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Robert Henke - Atom/Document CD (album) cover


Robert Henke


Progressive Electronic

2.00 | 3 ratings

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1 stars "Performance for a matrix of 64 illuminated gas balloons and sound

A room is filled with deep, evolving noises from a four-channel sound system. An eight-by-eight array of white, self-illuminated spheres floats in space like the atoms of a complex molecule. Through variable positioning and illumination of each atom, a dynamic display sculpture comes into being, composed of physical objects, patterns of light, and synchronous rhythmic and textural sonic events. Change, sound, and movement converge into a larger form.

The height of each helium balloon is adjusted with a computer-controlled cable winch, whilst the internal illumination is accomplished using dimmable super-bright LEDs, creating a pixel in a warped 8x8 spatial matrix."

This is what meets you when approaching this record.... It originally started out as an idea inside the head of sound conceptualist Christopher Bauder, who has a history of turning ordinary items into sound- producing sculptures. Featured within the gatefold sleeve - as well as on Henke's internet home Monolake, this 'explanation' hovers like the very helium balloons incorporated into the show. In short: this album came into fruition after an artsy installation, where Henke delivered the music to a giant spectacle with all of these white balloons, LED lights and a very ingenious way of matching them all together - so as the music and the theatrics felt inter-weaved, interconnected - to give the audience that special modern and highly esoteric urban experience.

Tell you the truth, I would have loved to see this thing in a live setting - even more so, attended this event with a couple of beautiful art chicks that jump at anything with balloons in it - all slick and dressed up with my sole tie around my neck together with my yellow Bono glasses and a bottle of absinthe down my trousers.

Yet somehow when you approach this work, and yes here I choose the word 'work' - as it clearly demonstrates a will to be acknowledged as a piece of modern art, -this work feels stagnant and helplessly uninteresting based on the sounds themselves. Most of it circles around without purpose or direction in the now famous glitch style, which basically means electronic music made up of cut off television signals and other malfunctioning electronic equipment. Now, don't get me wrong - I happen to love glitch when it's done right - or let me rephrase that: when it's done interestingly. Atom/Document though feels like sitting behind a sofa with no view - listening to a guy changing channels on his television that only shows abrupt white noise. The only real musical elements that break through this contrived and hazy thicket are snippets of electronic percussive splashes that sound like chiming bicycle bells or a guy tapping his finger ring on a piano string. Lastly you've got the mellow piano segments that are as droopy and sad as a grey afternoon's pouring rain, but more than anything do these remind me of those 'realistic' advertisements for big banks telling you about the right way to spend money...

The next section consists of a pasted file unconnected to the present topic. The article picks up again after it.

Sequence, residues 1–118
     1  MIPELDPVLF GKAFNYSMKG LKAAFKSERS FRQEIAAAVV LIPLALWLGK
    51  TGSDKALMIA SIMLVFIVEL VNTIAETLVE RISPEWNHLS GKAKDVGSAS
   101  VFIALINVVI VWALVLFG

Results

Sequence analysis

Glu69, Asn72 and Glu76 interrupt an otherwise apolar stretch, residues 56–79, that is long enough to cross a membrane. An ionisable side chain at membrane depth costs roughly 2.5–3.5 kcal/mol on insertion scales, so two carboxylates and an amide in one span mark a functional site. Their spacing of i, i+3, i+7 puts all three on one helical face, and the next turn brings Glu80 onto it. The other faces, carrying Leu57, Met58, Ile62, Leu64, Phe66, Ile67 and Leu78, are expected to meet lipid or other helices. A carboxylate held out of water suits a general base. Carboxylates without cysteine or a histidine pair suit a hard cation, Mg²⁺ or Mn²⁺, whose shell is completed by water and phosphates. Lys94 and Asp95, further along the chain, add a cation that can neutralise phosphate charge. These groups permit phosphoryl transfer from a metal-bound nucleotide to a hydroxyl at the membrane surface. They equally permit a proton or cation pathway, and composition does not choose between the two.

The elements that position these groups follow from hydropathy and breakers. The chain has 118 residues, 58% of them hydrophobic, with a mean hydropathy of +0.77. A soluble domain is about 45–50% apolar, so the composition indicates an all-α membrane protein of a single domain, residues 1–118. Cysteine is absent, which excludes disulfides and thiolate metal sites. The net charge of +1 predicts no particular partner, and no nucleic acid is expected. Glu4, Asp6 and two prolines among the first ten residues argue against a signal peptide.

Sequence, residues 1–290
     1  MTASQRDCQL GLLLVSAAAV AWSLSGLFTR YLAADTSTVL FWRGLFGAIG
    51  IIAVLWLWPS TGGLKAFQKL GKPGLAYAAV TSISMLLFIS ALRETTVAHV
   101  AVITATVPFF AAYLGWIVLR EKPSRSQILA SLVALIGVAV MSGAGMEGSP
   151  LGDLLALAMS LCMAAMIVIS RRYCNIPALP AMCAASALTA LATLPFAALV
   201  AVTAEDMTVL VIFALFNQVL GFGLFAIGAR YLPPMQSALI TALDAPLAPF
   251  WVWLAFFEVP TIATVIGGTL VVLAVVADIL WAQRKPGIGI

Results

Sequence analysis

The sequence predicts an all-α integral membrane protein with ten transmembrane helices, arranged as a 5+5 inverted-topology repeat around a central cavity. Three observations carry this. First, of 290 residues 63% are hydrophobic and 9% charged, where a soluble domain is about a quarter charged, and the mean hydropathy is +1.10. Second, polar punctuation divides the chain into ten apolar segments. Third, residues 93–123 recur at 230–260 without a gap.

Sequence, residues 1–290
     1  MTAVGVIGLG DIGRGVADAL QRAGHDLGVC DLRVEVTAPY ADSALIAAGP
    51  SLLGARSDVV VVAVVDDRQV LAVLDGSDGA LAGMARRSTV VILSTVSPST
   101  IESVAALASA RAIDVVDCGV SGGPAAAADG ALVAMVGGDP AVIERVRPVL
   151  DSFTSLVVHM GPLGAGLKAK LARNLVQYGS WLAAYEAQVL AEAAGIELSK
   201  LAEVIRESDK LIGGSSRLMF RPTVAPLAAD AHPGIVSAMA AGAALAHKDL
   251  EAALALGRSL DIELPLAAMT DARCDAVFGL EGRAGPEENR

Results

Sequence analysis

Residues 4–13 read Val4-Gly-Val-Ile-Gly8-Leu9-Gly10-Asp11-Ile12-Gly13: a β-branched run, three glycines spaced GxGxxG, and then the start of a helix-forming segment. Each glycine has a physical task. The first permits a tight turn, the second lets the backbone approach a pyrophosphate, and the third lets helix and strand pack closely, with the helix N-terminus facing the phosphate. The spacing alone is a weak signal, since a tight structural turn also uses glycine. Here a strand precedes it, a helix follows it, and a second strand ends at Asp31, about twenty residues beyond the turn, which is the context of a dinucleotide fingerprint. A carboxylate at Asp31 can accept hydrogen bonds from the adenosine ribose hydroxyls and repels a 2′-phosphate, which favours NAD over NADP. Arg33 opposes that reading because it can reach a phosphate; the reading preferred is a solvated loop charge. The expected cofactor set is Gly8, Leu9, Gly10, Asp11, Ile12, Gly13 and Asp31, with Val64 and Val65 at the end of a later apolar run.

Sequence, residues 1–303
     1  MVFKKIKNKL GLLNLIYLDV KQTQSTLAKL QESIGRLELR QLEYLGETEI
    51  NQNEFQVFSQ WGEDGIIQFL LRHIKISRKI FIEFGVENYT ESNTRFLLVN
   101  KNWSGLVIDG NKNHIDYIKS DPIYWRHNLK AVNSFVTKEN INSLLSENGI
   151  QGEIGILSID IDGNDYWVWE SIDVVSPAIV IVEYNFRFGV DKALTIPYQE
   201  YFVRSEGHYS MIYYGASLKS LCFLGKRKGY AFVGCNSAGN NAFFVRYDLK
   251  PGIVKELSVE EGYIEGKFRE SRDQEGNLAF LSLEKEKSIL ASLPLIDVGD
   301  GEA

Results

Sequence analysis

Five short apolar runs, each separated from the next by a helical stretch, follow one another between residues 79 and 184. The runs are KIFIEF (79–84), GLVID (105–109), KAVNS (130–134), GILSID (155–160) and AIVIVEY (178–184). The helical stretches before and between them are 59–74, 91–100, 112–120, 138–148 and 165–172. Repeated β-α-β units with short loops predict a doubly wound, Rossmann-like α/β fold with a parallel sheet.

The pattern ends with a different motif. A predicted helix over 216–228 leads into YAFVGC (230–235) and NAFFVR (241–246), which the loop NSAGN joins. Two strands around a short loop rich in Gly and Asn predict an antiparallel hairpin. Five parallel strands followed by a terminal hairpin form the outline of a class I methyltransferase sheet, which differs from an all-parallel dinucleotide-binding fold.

Maybe this album should have stayed in its original form, which is that multimedia art installation that I opened my review with? I don't know really, because I am no judge - and all I do is listen to music and subsequently try to describe the voyage. A lot of well respected electronic music writers have praised this thing - commended it for its dense atmospheres and conceptual vision. Frankly, I think they may have bought into the art house thing a little too much, because listened to without all the flashing white balloons, this thing is the musical equivalent of licking a newly cleaned window.

Guldbamsen | 1/5 |


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